In the first story she writes of a Grandmother who has emigrated from Calcutta to live in Sunnyvale, California with her son, his wife, and their two children. We are faced with her loneliness and yearning for a culture that is lost to her in this new country. I also moved to Sunnyvale from my home in New England and remember the feeling of displacement and longing I felt. I was an outsider who dressed differently and spoke with an accent; people were not always kind or receptive. I can only imagine how life changing it must be to come from another country; it is this emotion that the author expresses so clearly in not just the first story but throughout the book.
Divakaruni has enlightened us with her book of tales. She has made me feel at home in her characters heart. After reading her last book SISTER OF MY HEART, I realized that this author would always be my favorite, she is a master of her craft, and her new book has certainly not disappointed me. Kelsana 5/19/01
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12 of 12 people found the following review helpful By JessH on July 19, 2002
Format: Paperback
"The Unknown Errors of Our Lives" is a collection of short stories by Chitra Banerjee Divakaruni that focuses on Indian women and their immigrant experience in America. In many ways, the subject matter of these stories are similar to those of Jhumpa Lahiri's "Interpreter of the Maladies" (a favorite book of mine). Many of the stories in Unknown Errors also deal with marriages of different sorts and in different stages: arranged marriages, engagements, deteriorating relationships.
The first story in the book is entitled "Mrs. Dutta Writes a Letter". This is a touching story about an older widow who moves from India to live with her son's family in America. Her son tells her "We want you to be comfortable, Ma. To rest. That's why we brought you here to America." Her attempts to share stories of India and cook traditional meals and help out around the house are looked down upon of by her daughter-in-law and she begins to feel un-welcomed. Life with her son and grandchildren in America isn't what Mrs. Dutta imagined it would be. Through Divakaruni's writing, the reader can feel Mrs. Dutta's pain and disappointment.
As in "Mrs. Dutta Writes a Letter" the story "The Intelligence of Wild Things" brings up issues of keeping Old World traditions alive after immigrating versus becoming Americanized. "The Intelligence of Wild Things" is about a woman who visits her younger brother, Tarun in Vermont. She discovers that his girlfriend is an American girl with "freckled skin and reddish-gold hair." She wonders how her brother who "had never wanted to come to America" has become so Americanized while she, who agreed to an arranged marriage in order to move to America, still clings to traditions she learned growing up in India.
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10 of 11 people found the following review helpful By Amazon Customer on April 24, 2001
Format: Hardcover
This new collection of achingly beautiful stories from the author of Sister of my Heart is an elegant articulation of the immigrant experience and its varieties. It goes deeply into what it means to be displaced, uprooted, re-rooted either by time, place or relationships. The most touching story in the collection is entitled "Mrs Dutta Writes a Letter" which tells of a mother now joined to her beloved son's family in America. It depicts in such gorgeous details the mother's sense of dislocation, and her desire to put up a nice front for her son and those she left behind in India. When she finally got around to writing a letter as a response to a dear friend, she could not keep up with the "front" anymore and ended pouring out her real self to her friend in her letter. The story is a powerful evocation of the embodied interplay between duty and loyalty of a mother to a son, or son to a mother, love between them, tradition, the sense of being different, the sense of connection or absence thereof, and the pursuit of happiness, among others. It's got all the elements of what it means to be an immigrant, and how all these factors - love, compassion, duty, tradition, etc get into the mix. Another great moving story is "The Intelligence of Wild Things. It is a story of a sister who visited her brother to inform him, after long years of no communicaton between the brother and her mother, that their mother is dying. It is about failed communication, but it is also about the ways we communicate successfully without fully knowing it, as if inherent in us. Although "Indian" in setting, this could easily well be about anybody, for after all, the world has become so mobile, everyone becomes an "immigrant".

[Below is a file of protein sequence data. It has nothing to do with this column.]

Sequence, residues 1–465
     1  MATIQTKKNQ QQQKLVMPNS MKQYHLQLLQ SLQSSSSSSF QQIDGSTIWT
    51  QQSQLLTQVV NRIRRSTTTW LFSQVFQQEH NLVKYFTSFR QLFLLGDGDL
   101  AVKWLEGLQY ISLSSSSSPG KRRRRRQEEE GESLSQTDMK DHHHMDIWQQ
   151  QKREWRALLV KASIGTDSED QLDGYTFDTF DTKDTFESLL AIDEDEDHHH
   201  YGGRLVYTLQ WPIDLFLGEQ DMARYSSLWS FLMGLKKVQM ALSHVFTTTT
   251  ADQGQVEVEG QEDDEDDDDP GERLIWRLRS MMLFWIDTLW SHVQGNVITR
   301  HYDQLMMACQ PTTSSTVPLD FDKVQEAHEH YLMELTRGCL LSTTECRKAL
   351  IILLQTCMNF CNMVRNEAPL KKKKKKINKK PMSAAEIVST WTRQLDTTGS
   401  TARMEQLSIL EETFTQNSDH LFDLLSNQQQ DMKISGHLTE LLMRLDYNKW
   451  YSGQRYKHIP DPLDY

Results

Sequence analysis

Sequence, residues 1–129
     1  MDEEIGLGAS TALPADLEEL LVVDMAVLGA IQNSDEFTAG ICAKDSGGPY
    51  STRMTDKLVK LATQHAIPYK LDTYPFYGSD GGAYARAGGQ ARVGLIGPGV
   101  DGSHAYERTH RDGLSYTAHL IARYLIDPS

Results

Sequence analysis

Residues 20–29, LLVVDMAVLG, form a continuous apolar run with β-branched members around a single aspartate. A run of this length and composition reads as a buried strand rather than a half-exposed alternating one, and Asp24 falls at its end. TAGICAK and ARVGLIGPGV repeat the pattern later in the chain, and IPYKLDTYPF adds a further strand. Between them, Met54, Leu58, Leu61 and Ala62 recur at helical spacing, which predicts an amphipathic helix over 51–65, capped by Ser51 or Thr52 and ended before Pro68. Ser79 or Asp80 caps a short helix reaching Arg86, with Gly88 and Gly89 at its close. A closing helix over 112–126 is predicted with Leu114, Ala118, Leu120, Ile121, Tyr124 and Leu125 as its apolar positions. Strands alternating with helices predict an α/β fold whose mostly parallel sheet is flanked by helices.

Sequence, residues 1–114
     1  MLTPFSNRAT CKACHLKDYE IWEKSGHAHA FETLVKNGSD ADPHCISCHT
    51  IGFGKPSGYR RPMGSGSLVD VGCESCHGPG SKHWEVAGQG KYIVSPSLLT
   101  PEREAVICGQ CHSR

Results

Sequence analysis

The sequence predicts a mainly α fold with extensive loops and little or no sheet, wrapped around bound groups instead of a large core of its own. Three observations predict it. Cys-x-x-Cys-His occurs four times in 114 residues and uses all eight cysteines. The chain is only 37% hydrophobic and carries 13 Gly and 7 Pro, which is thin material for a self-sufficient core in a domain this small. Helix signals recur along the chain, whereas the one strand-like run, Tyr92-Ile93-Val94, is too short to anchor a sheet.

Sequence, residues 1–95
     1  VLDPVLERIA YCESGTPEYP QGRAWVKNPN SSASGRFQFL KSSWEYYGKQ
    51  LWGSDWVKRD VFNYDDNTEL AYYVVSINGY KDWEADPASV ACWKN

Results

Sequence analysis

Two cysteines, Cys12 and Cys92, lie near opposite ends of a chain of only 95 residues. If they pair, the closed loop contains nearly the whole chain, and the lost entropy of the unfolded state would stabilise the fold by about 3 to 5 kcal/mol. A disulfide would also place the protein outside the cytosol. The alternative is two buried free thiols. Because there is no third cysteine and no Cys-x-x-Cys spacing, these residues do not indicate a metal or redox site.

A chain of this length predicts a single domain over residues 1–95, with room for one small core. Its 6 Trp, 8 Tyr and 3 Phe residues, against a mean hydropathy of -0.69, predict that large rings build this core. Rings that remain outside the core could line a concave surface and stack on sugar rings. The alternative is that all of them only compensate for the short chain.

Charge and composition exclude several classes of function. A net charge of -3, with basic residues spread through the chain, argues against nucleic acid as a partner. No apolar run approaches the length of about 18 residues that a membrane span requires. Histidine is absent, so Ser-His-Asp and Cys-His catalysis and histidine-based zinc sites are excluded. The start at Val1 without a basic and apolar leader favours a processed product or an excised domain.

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8 of 9 people found the following review helpful By Dianne Foster HALL OF FAME on September 12, 2001
Format: Hardcover
I love short stories and first discovered Divakaruni by reading a short story she wrote for a magazine. What struck me then and what strikes me now having read THE UNKNOWN ERRORS OF OUR LIVES is the similarity of the experiences of the heroines in her nine tales and my own experiences or those of "plain old American" female friends and relatives of mine. I believe Divakaruni writes tales almost any woman can understand and identify with...in the same way we understand our friend's confidences, stories like the "Little House" series American girls read as children, family myths, etc.
Most of us grew up with the idea we were moving toward some destiny. Often this was the way our own life would reveal itself over time. An aspect of the progress of our life might be a pilgrimage to a "holy" site. In her story "The Lives of Stangers" Divakaruni relates the experiences of two women who make such a journey to a sacred place in Kashmir. In her tale "The Blooming Season for Cacti" she tells of both the geographic movement and the internal shift of a heroine who discovers her unknown self.
Many of us have experienced attempts by relatives to "arrange marriages" whether we know it or not by introducing us to someone "nice". And many of us have had the reaction of the young woman in "The Unknown Errors of Our Lives" who discovers the unknown errors are the ones you commit unknowingly over and over. Many women opt to make their own choices like one of the characters in "The Names of the Stars in Bengali." I personally have two female Indian friends who married blonde, blue-eyed "American" guys.